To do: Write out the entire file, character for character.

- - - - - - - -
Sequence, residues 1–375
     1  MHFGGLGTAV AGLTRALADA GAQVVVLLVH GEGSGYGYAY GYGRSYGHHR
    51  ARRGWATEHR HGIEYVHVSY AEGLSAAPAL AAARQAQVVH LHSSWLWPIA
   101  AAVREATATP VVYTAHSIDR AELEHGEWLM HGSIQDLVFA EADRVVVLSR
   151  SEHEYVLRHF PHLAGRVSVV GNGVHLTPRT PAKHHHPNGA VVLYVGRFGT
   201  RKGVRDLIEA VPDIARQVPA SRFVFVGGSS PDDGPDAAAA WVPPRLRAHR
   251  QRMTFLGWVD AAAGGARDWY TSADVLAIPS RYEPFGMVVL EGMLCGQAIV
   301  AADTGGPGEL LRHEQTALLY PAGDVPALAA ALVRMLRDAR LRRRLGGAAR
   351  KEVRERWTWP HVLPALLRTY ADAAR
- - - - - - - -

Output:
Sequence, residues 1–375
     1  MHFGGLGTAV AGLTRALADA GAQVVVLLVH GEGSGYGYAY GYGRSYGHHR
    51  ARRGWATEHR HGIEYVHVSY AEGLSAAPAL AAARQAQVVH LHSSWLWPIA
   101  AAVREATATP VVYTAHSIDR AELEHGEWLM HGSIQDLVFA EADRVVVLSR
   151  SEHEYVLRHF PHLAGRVSVV GNGVHLTPRT PAKHHHPNGA VVLYVGRFGT
   201  RKGVRDLIEA VPDIARQVPA SRFVFVGGSS PDDGPDAAAA WVPPRLRAHR
   251  QRMTFLGWVD AAAGGARDWY TSADVLAIPS RYEPFGMVVL EGMLCGQAIV
   301  AADTGGPGEL LRHEQTALLY PAGDVPALAA ALVRMLRDAR LRRRLGGAAR
   351  KEVRERWTWP HVLPALLRTY ADAAR